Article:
A number of eukaryotic proteins are anchored to the membrane by glycosylphosphatidylinositol (GPI), of which the core structure is conserved from protozoan to mammalian cells. Here, we used a panel of thymoma mutants, which synthesize Thy-1 but cannot express it on the cell surface, to study the GPI biosynthetic pathway in mammalian cells. These mutants have been assigned into six complementation classes (A, B, C, E, F, H) by the technique of somatic cell hybridization. Using a combination of metabolic labeling and chemical/enzymatic tests, the biosynthetic defects were mapped to four different steps. Class A, C, and H mutants cannot transfer N-acetylglucosamine (GlcNAc) to a phosphatidylinositol acceptor, suggesting that the first step of GPI synthesis is regulated by at least three genes. The Class E mutant does not synthesize dolichol-phosphate-mannose, the donor for the first mannose residue transferred to the GPI core, and thus cannot form any mannose-containing GPI precursors. Class B and F mutants are defective in the addition of the third mannose residue or ethanolamine phosphate, respectively, to the elongating GPI core. Our findings have implications for the biosynthesis and attachment of the mammalian GPI anchor.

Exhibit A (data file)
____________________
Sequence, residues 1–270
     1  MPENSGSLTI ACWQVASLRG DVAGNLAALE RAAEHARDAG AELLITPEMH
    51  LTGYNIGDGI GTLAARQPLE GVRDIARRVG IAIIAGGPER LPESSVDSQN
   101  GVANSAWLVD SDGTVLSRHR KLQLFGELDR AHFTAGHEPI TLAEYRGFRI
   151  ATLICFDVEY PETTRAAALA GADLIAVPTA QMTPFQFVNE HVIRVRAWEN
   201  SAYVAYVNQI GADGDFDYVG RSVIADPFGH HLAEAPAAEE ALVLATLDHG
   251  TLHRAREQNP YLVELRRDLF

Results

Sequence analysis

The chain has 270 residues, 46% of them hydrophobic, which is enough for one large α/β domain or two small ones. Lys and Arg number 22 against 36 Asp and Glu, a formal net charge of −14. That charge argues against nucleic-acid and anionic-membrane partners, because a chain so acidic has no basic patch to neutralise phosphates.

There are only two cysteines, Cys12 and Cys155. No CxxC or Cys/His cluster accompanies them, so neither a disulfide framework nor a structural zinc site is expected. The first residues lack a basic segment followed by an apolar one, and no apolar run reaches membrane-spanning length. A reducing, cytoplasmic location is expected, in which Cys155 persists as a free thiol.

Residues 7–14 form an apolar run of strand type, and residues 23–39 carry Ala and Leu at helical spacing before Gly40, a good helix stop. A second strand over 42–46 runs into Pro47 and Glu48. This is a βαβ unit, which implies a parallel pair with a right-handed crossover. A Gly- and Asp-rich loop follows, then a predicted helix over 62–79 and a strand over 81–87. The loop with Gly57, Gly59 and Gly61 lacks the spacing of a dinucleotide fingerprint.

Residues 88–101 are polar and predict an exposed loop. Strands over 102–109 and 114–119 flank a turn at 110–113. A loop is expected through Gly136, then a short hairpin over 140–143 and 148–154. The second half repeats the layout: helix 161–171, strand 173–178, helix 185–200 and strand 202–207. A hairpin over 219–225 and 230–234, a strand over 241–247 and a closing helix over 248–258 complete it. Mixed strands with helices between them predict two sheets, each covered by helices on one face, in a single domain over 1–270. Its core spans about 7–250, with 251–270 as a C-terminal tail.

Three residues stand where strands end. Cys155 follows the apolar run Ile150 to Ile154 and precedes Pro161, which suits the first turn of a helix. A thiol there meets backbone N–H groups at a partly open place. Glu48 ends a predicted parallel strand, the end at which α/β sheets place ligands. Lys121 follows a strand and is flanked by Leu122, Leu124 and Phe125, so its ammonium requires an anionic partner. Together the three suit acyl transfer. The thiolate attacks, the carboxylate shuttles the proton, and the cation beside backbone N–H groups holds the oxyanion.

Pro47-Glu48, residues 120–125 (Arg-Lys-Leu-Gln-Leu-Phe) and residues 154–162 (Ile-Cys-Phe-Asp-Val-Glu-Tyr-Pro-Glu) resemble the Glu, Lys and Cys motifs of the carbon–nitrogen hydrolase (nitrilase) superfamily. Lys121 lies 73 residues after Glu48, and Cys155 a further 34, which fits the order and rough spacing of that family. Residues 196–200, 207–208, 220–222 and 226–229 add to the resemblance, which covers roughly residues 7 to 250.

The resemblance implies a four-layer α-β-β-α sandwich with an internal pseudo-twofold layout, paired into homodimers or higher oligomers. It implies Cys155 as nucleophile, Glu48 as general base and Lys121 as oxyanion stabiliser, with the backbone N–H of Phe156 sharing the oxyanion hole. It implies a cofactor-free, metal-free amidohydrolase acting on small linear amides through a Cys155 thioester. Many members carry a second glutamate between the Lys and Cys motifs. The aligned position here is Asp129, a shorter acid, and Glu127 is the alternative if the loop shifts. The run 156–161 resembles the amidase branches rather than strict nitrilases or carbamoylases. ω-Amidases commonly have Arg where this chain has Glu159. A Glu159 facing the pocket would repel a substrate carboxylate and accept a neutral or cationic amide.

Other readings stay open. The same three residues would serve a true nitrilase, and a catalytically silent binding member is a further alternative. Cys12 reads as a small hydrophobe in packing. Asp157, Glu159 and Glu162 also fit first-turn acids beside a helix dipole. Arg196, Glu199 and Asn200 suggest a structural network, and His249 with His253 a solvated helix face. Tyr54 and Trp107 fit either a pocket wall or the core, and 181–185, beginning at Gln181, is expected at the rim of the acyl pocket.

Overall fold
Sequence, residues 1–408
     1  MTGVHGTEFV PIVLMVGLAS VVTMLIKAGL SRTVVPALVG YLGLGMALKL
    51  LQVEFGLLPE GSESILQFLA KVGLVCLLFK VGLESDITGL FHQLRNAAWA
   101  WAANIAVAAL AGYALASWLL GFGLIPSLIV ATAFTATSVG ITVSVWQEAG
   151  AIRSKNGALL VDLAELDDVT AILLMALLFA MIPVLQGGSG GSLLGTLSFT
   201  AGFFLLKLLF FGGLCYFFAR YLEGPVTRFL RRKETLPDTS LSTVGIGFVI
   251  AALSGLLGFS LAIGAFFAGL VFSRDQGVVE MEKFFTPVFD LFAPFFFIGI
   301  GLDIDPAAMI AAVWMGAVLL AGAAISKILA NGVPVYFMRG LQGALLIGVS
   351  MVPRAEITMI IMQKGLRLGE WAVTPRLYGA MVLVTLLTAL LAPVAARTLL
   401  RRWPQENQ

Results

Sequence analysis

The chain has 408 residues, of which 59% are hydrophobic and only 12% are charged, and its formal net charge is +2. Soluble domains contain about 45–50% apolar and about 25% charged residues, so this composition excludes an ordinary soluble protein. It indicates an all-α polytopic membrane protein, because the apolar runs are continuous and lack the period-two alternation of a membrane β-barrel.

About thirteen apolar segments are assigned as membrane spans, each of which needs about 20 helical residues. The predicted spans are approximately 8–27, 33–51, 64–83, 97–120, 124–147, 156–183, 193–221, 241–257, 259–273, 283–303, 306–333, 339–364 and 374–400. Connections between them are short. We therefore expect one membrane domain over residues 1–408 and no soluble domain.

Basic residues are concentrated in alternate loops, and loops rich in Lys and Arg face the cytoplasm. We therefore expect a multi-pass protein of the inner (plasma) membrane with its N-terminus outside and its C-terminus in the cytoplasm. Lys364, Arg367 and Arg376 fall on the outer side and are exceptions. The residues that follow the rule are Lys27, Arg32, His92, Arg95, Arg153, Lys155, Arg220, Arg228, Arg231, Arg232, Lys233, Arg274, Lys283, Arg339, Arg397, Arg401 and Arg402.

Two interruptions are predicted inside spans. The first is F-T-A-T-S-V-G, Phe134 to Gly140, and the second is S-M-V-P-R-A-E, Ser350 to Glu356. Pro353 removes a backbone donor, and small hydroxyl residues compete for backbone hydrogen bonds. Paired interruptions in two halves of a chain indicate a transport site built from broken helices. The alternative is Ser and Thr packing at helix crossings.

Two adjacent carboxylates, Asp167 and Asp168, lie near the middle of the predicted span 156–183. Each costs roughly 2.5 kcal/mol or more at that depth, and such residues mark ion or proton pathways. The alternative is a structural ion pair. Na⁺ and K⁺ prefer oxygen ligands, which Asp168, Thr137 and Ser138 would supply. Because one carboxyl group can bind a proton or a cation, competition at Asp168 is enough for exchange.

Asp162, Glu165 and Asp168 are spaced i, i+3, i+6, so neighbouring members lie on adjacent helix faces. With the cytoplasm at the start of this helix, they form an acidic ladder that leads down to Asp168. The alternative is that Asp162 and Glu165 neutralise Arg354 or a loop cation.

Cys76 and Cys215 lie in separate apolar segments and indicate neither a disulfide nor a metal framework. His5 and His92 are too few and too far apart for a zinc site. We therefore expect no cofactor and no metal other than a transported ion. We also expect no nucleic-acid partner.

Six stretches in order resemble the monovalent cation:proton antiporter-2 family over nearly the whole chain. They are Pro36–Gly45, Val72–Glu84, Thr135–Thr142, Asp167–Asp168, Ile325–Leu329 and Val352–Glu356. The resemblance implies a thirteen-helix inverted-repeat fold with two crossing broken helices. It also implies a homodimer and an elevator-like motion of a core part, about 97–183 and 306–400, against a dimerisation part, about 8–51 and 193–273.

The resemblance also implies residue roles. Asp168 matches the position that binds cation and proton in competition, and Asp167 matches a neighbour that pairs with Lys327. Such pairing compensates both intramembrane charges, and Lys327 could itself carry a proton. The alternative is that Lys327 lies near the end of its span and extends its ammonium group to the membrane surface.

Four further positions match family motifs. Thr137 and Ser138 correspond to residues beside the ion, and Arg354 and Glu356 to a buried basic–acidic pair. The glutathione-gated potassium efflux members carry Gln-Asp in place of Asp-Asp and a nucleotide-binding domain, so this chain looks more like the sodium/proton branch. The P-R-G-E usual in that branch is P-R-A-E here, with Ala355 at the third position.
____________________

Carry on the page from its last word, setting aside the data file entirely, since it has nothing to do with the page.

|Number of pages||4|
|Journal||Journal of Biological Chemistry|
|State||Published - 1991|